I think that’s what we’re all looking for when we land a sync, right? You’re hoping for that perfect moment where your song is going to stand out in the show. And, obviously, it started to go viral, and what we’ve done to capitalize off of that was like “Ok, we need another single in the pipeline. We need to create social media for this project.” I was open to saying yes instead of saying no. Buzzfeed reached out to me and I was like, “Yeah cool, let’s do it.” I think because I’ve been doing this for so long, my husband and I, who’s also my manager, we’re so prepared because we’ve had other songs go viral for other artists. We did a radio campaign because it was getting radio play internationally. Before work I’d do like fifty radio IDs in the morning. It’s just about saying yes, because what happens is that viral success isn’t necessarily a marathon, it’s a sprint. So if you are not participating in that sprint, then you’re going to lose all the momentum and no one is really going to pay attention. It’s really important that you give it all your passion, all your attention when it’s happening. Because, just like anything else, it will go away.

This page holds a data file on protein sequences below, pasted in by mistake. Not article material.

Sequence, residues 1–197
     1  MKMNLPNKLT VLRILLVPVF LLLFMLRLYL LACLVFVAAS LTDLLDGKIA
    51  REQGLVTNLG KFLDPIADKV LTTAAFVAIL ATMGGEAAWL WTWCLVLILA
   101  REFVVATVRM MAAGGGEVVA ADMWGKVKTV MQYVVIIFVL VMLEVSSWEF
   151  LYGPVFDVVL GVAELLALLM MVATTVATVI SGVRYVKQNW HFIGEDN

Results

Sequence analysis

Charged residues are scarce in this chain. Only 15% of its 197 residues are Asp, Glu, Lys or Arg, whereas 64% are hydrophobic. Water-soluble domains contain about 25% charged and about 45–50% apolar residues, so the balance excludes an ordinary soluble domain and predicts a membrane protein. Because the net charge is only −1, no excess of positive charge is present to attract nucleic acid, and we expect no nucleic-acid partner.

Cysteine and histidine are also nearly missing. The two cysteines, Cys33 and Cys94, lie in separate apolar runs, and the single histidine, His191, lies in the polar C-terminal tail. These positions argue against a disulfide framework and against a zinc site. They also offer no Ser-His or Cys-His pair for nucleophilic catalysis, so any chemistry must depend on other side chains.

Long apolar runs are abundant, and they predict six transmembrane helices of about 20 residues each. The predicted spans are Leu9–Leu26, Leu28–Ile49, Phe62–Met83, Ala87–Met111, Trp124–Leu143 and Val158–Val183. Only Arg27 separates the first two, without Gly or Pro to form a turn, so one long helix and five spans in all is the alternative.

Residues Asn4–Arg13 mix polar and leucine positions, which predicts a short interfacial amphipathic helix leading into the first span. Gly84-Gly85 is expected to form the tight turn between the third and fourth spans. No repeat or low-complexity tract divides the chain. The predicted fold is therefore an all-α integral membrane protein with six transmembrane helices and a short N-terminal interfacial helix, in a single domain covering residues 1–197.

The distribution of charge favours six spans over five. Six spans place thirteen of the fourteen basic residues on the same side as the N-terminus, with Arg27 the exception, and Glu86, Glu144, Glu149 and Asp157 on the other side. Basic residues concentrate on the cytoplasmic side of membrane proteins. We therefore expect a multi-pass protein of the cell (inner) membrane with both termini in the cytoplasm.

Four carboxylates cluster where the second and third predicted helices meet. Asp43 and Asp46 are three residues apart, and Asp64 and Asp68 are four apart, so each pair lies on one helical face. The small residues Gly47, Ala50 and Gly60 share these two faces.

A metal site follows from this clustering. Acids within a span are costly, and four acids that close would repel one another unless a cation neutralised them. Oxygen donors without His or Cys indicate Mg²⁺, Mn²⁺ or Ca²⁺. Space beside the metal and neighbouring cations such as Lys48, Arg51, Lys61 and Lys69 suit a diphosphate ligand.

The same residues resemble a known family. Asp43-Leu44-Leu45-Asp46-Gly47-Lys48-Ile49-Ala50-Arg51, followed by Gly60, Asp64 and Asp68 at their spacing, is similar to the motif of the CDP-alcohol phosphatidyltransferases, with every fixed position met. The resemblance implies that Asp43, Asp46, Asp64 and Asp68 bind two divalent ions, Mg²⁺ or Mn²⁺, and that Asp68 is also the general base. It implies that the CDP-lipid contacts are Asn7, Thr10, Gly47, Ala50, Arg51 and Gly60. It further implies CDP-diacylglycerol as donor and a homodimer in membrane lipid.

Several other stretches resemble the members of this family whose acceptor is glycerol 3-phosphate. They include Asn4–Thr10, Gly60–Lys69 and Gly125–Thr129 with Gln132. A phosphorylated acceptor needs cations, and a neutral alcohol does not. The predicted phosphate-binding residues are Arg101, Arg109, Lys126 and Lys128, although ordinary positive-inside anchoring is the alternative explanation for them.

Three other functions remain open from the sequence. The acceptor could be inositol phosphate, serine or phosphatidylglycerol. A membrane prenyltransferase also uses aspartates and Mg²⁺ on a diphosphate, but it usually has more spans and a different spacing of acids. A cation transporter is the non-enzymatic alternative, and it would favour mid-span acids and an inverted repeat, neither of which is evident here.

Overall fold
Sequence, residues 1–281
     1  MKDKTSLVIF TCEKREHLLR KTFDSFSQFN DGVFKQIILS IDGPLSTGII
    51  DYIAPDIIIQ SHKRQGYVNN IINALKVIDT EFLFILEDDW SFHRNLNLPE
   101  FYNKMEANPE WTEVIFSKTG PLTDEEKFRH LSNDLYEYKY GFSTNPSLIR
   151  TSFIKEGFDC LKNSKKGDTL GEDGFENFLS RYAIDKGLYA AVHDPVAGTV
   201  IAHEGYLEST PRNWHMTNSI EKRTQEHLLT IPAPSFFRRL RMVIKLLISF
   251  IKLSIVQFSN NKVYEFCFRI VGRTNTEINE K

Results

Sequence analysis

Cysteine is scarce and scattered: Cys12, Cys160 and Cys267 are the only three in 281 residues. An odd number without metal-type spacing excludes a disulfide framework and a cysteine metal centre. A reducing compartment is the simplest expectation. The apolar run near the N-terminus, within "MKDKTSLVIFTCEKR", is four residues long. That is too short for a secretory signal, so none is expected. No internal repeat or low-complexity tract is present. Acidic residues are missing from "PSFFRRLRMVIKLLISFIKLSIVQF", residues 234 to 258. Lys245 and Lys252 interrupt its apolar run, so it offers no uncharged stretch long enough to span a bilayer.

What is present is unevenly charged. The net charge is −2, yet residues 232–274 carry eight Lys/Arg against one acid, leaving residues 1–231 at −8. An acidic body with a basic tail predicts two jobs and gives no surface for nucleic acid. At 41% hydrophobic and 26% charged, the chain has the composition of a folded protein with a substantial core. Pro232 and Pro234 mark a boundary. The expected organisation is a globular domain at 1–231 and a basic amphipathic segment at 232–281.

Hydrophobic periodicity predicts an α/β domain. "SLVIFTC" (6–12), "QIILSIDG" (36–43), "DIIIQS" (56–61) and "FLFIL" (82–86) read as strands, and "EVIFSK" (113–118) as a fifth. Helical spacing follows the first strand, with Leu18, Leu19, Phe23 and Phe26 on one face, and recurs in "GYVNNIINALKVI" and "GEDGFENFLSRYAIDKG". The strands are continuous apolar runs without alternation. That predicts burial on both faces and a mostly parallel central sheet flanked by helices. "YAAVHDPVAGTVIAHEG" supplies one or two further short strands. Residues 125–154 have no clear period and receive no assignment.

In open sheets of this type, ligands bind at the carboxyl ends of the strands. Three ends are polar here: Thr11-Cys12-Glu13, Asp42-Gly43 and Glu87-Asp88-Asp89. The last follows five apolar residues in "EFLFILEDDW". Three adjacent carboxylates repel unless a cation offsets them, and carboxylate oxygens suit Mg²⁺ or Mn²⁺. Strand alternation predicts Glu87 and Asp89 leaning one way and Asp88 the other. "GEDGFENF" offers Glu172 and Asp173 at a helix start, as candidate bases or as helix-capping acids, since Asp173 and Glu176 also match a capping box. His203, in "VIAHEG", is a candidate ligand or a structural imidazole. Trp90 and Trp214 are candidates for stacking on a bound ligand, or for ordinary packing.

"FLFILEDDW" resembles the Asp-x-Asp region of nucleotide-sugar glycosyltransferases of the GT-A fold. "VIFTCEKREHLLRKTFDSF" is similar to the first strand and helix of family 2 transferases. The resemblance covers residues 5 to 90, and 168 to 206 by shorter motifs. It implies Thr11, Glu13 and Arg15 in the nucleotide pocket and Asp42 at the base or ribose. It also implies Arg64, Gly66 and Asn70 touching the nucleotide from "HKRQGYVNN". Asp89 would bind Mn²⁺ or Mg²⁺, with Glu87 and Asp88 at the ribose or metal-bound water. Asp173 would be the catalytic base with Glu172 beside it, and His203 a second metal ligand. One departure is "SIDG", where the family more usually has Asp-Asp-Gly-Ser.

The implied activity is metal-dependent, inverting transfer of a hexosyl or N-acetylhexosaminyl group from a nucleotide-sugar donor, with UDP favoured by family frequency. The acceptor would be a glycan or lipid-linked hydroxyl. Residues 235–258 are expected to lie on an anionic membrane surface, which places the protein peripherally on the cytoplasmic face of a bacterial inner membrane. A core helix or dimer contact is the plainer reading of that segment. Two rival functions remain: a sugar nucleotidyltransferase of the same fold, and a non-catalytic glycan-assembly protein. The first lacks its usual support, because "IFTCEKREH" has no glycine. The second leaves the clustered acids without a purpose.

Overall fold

LE: You’ve written songs about your experience with sexual assault, female empowerment, and other issues women face today. Is there one song that you’ve written that means the most to you and why?

JV: If we’re going with the theme, obviously I’d say “they say” because it is about sexual assault. And when I wrote the song initially, I wrote it for a Time’s Up event in Las Vegas and other women were going to be singing it. I was listening to a lot of songs about the topic and I just felt like I didn’t really relate to any of them. I don’t know, I just always felt like they were a little too on the nose or a little disjointed for me. So I wanted to create a song that people who identified with the idea of being a survivor of something could also relate to – without also being re-traumatizing.